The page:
And to convince us of the importance of resurrection, Paul begins with a reminder. He takes us back to the basic message of the gospel. Let’s read the whole text. 1 Corinthians 15:1-11:

Now, brothers, I want to remind you of the gospel I preached to you, which you received and on which you have taken your stand. 2 By this gospel you are saved, if you hold firmly to the word I preached to you. Otherwise, you have believed in vain. 3For what I received I passed on to you as of first importance: that Christ died for our sins according to the Scriptures, 4 that he was buried, that he was raised on the third day according to the Scriptures, 5 and that he appeared to Peter, and then to the Twelve. 6 After that, he appeared to more than five hundred of the brothers at the same time, most of whom are still living, though some have fallen asleep. 7 Then he appeared to James, then to all the apostles, 8 and last of all he appeared to me also, as to one abnormally born.
9 For I am the least of the apostles and do not even deserve to be called an apostle, because I persecuted the church of God. 10 But by the grace of God I am what I am, and his grace to me was not without effect. No, I worked harder than all of them—yet not I, but the grace of God that was with me. 11 Whether, then, it was I or they, this is what we preach, and this is what you believed.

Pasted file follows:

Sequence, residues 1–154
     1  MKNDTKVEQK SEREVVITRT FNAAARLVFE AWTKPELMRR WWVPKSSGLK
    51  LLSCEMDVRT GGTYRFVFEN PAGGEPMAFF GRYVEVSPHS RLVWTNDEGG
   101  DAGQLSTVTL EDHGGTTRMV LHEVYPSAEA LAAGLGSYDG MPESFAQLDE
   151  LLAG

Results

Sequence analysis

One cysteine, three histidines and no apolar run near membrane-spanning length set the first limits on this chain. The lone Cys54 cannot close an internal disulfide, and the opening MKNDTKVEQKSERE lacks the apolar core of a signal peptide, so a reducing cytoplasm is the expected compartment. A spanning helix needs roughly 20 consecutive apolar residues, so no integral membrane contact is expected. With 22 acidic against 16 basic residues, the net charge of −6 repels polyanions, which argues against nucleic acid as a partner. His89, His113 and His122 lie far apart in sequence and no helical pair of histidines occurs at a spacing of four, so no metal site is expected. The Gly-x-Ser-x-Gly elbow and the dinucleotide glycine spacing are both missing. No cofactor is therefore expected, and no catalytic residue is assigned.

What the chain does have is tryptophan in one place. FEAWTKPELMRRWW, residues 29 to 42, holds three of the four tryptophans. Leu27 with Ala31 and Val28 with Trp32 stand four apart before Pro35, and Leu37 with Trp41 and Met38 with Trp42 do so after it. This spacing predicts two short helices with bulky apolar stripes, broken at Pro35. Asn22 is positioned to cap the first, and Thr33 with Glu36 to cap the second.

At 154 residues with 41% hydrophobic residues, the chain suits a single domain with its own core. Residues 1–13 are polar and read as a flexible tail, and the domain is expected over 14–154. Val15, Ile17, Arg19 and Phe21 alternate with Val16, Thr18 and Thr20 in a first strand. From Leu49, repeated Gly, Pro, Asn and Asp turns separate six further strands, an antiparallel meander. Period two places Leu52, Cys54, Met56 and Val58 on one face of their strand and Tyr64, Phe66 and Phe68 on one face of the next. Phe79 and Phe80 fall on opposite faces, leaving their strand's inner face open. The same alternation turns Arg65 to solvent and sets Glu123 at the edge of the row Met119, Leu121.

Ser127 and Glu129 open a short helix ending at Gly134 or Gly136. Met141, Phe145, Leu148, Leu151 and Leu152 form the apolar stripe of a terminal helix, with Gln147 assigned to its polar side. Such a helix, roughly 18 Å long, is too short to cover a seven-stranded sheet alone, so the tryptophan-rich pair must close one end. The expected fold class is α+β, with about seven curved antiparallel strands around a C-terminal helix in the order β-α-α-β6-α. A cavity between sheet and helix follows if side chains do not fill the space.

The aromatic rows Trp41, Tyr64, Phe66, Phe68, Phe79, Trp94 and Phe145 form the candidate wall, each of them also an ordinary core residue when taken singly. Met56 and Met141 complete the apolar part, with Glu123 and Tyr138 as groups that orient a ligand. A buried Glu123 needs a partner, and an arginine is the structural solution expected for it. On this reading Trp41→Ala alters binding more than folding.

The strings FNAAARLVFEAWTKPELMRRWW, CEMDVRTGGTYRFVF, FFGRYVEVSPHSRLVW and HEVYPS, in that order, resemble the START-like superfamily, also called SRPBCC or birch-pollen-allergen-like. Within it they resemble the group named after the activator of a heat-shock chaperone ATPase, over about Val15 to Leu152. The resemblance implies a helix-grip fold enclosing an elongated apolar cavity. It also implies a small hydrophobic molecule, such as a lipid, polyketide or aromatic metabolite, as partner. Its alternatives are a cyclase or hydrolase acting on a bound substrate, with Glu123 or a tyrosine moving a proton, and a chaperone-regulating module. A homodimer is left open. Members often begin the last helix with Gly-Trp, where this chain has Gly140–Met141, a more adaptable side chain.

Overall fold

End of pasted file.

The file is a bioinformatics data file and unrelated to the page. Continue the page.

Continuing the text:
Let’s start with verses 1-3. Paul hears that some of the Corinthians don’t believe in resurrection. He knows that he has to address this issue. So what does he do? He takes them back to basics. He says: “Let me remind you of the message I preached.” He says: “This is what you believed, this is why you are in the church.” He says: “I didn’t make it up, I’m just passing it along, but it’s important…”

What follows is a simple recitation of facts. Most scholars believe that it was a traditional formula--not something that Paul wrote but something that he is repeating, expecting the Corinthians to already be familiar with. Sort of like when we say the Creed. This is foundational, unalterable Christian bedrock.

Many scholars believe this is one of the oldest sayings in Christianity. 1 Corinthians is one of the oldest books in the New Testament, written about 25 years after Jesus. But it seems likely that this creed is even older than that. Paul says he “received” it. It’s probably something Paul was taught shortly after his conversion, possibly by Peter or James themselves (Lee Strobel, The Case for Christ, p. 310). If so, verses 3-7 of our text were already in circulation just 3 or 4 years after Jesus.

And what they focus on is Christ’s resurrection. Paul’s point is that if we are going to have a discussion about resurrection then we have to start with Jesus. From the earliest days of its history the church has believed Jesus was raised from the dead. And the point here is there is good reason for us to believe it too.

The formula has four basic lines: Christ died, Christ was buried, Christ was raised, and Christ appeared. We’ll look at each in turn.

For Our Sins
First, Christ died. The second half of verse 3:

that Christ died for our sins according to the Scriptures,